The remarkable breathing
From the moment we first cry when we are born to the often quoted very “last breath”: Breathing is something we do throughout our whole lives.
Breathing is a highly complex basic function of our bodies. It’s not only completely autonomous, but is also the only basic function that we can influence and control voluntarily, i.e. quite consciously, at times.
“This fact alone makes breathing both remarkable and unique. Respiratory physiology and mechanics are not only vital; they are as fascinating as they are complex,” says Dr Peter B. Barth. As an experienced Mayr physician at the Park Igls health retreat, he knows that good breathing techniques are both rewarding and beneficial to health. Not all of us, however, are experienced Mayr doctors, actresses, opera singers, lung specialists, yogis or voice or meditation trainers – in other words, someone who deals with breathing for a living. Therefore, many of us are often unaware of the importance and effectiveness of correct breathing techniques – at least not to the proper extent.
Take a deep breath and just calm down! There are many moments when we truly notice our breath: When someone gasps from excitement, when one feels completely out of breath after climbing the stairs or after an intense exercise session, when a breath catches in our throat from shock, or when something is simply breathtakingly beautiful… Even our use of language reveals that our breathing is of paramount importance in any situation. In fact, every physical and mental state affects our breathing. Joy, anger, excitement, sexual arousal, calmness or nervousness influence our respiratory centre and increase or inhibit breathing.
Adults inhale and exhale between 10,000 and 20,000 litres of air every single day.
We breathe 24 hours a day. Without breathing, there is no life. And without functioning lungs, there is no breathing. As the organ responsible for respiration, our lungs ensure that adults inhale and exhale between 10,000 and 20,000 litres of air every single day. In fact, we breathe in and out 12 to 17 times per minute on average. According to Dr Barth, “The lung is a precise, high-performance machine. Without it, we are literally finished, so it goes without saying that we must avoid doing harm to our lungs… smoking, for example.”
What you should also know: Proper breathing techniques can be learned. Mostly due to stress, we often do not breathe properly. This means that we breathe too shallowly and not enough into the abdomen. “Abdominal breathing is essential to a proper breathing function. It allows for deeper breathing,” explains Barth.
CONTROLLING OUR BREATHING
Our breathing is basically controlled automatically. However, we are able to influence this by, for example, slowing down, stopping or speeding up our breathing. The automatic control happens in our breathing centre, in the brain stem. In very simplified terms, this is where we decide whether we breathe fast or slowly. Sounds simple, but in reality it is highly complex. The most important basis for decision-making is the current level of carbon dioxide (CO2) in our blood stream. If the level of carbon dioxide is high, the breathing rate is increased in order to exhale carbon dioxide. Conversely, we breathe shallowly when the CO2 level in our blood is low.
“Deliberate, conscious breathing holds great potential for spiritual, mental and physical health”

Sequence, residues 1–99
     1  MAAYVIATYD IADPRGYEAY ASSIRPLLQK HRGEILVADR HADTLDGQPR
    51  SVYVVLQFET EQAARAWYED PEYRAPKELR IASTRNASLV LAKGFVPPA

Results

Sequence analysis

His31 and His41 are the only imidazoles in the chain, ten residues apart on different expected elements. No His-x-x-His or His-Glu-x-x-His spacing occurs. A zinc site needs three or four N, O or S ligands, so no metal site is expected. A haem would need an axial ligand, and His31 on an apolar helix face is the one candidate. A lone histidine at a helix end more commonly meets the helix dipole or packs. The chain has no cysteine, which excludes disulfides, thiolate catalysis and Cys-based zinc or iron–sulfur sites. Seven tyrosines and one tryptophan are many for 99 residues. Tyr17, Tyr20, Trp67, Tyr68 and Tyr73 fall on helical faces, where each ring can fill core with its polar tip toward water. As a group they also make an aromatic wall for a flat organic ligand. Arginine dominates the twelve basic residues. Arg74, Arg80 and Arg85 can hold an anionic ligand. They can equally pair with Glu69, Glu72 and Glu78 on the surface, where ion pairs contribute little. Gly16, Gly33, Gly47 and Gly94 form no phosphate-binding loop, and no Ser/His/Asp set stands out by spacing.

Dr Peter B. Barth MD, General practitioner, Mayr doctor
BREATHE THE STRESS AWAY
It can be done, and it can be practiced. The following is a simple belly breathing exercise: First, place your hands on your stomach. Then inhale deeply through your nose and feel in the palms of your hands how the belly inflates and the abdominal wall lifts significantly. As you slowly exhale through your mouth, you will feel your abdomen and diaphragm move back up. Perhaps you can manage to consciously breathe like this three or four times a week? The diligent do this every day, ideally for 10 to 15 minutes.
“DEEP ABDOMINAL BREATHING PROVIDES RELAXATION AND DECOMPRESSION”.
Why is the correct breathing technique, i.e. abdominal breathing, so important in Mayr Medicine? Barth: “That is quite simply explained: Abdominal breathing stimulates peristalsis, the autonomously controlled movement of the intestines. The diaphragm works like a suction-pressure pump. When we breathe deeply into the abdomen, the diaphragm sinks downwards and our lungs also open downwards. Below the diaphragm are the solar plexus (note: a network of fibres and nodes of the autonomic nervous system), spleen, liver and our digestive system. These areas are massaged and supplied with energy during inhalation. This is important and works to counteract constipation. Any improvement in the abdomen inevitably leads to an improvement in the quality of breath, and vice versa. Deep abdominal breathing also leads to relaxation and the release of tension. This is done by stimulating the vagus nerve, which is the main parasympathetic connection between the brain in your gut and the brain in your head (CNS). This is one of the quintessential learnings of more than a century of experience with Mayr Medicine.”
The organ responsible for our breathing is the lungs. The lungs ensure the exchange of gases, which is vital for us because our blood, or rather our body’s organs, muscles and every cell, is supplied with oxygen via the alveoli when we breathe in. When we exhale, carbon dioxide in the blood is removed. Mechanical support is provided by the respiratory muscles, which include the diaphragm and intercostal muscles, and the “helpers” of the auxiliary respiratory muscles. These are abdominal muscles and muscles of the neck and chest.
Dr Peter B. Barth MD –
General practitioner, Mayr doctor